We’re moving. And I couldn’t be taking it worse.

A couple weeks ago, we decided it was time to be closer to our church community. With family on both sides hours away, we yearn to be in a place where we’re known. We’ve come to find new friends in our little neighborhood in the city, but a few years cannot replace the decades of life lived beside those who reside 15 minutes down 44.

And so we go.

Or rather, we try to go.

After scurrying to get our house on the market in a week, we wait.

That kind of active waiting where I check Zillow 694 times a day. Constantly looking for new houses and seeing how many others have looked at our old one.

I’m terrible at the waiting. My back tightens with knots and my mind struggles to concentrate on much of anything else. I wake early each day with the anxiety of living in this in between.

As I name it, I notice. My dear foster son lives here each day. Court date to court date. Always wondering which home he will be in next. For him, it isn’t simply what the kitchen looks like or whether there are two staircases (though the latter has definitely come up as a must-have for future chase games). It’s who gets to be the one doing the chasing. The one welcoming him home.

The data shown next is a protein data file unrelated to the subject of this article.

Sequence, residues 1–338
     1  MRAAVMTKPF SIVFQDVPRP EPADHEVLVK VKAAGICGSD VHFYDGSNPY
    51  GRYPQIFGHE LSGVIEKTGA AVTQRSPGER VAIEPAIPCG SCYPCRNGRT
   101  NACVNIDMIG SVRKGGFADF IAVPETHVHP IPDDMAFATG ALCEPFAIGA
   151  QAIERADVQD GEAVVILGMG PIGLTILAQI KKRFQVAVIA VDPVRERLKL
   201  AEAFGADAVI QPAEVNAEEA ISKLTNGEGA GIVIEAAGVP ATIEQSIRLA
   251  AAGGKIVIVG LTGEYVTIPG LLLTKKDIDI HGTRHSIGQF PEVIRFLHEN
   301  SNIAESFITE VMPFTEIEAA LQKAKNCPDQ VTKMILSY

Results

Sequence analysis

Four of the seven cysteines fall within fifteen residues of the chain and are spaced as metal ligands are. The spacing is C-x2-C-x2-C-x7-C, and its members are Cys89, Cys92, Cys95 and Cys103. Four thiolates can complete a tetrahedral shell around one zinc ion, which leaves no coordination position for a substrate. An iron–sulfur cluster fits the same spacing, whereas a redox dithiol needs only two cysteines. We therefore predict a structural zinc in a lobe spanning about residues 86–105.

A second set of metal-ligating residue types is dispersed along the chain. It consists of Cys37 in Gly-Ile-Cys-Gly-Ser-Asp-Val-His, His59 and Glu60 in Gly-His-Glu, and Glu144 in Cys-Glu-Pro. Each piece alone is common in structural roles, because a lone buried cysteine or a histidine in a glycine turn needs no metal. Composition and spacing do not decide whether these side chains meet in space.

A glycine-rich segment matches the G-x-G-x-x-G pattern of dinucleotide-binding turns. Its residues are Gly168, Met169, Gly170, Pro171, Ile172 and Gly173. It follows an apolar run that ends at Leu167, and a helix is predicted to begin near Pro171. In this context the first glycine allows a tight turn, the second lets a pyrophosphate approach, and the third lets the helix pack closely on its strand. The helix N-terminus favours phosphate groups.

It humbles me. Realizing the privilege it is to say our move is stressful. A move I chose. A move where I actually have quite a bit of control on when and where. A move where I know who will be welcoming me home.

These changes feel big, feel hard. Because so much else isn’t. And I take that for granted.


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  1. Caitlin B

    My husband and I are currently in an epic waiting game for a condo in Chicago. We need to move before we start the foster process and it’s been so, so challenging. But this post brought me to a new perspective about this time of waiting. Thank you! I have been asking God for ways to pray and prepare my heart for the kids we’ll have in our home & this is an answer!

    • Liz

      Wow. I’m so glad my story is helpful. Thanks for sharing!

      Rooting for you and the kids you will welcome.

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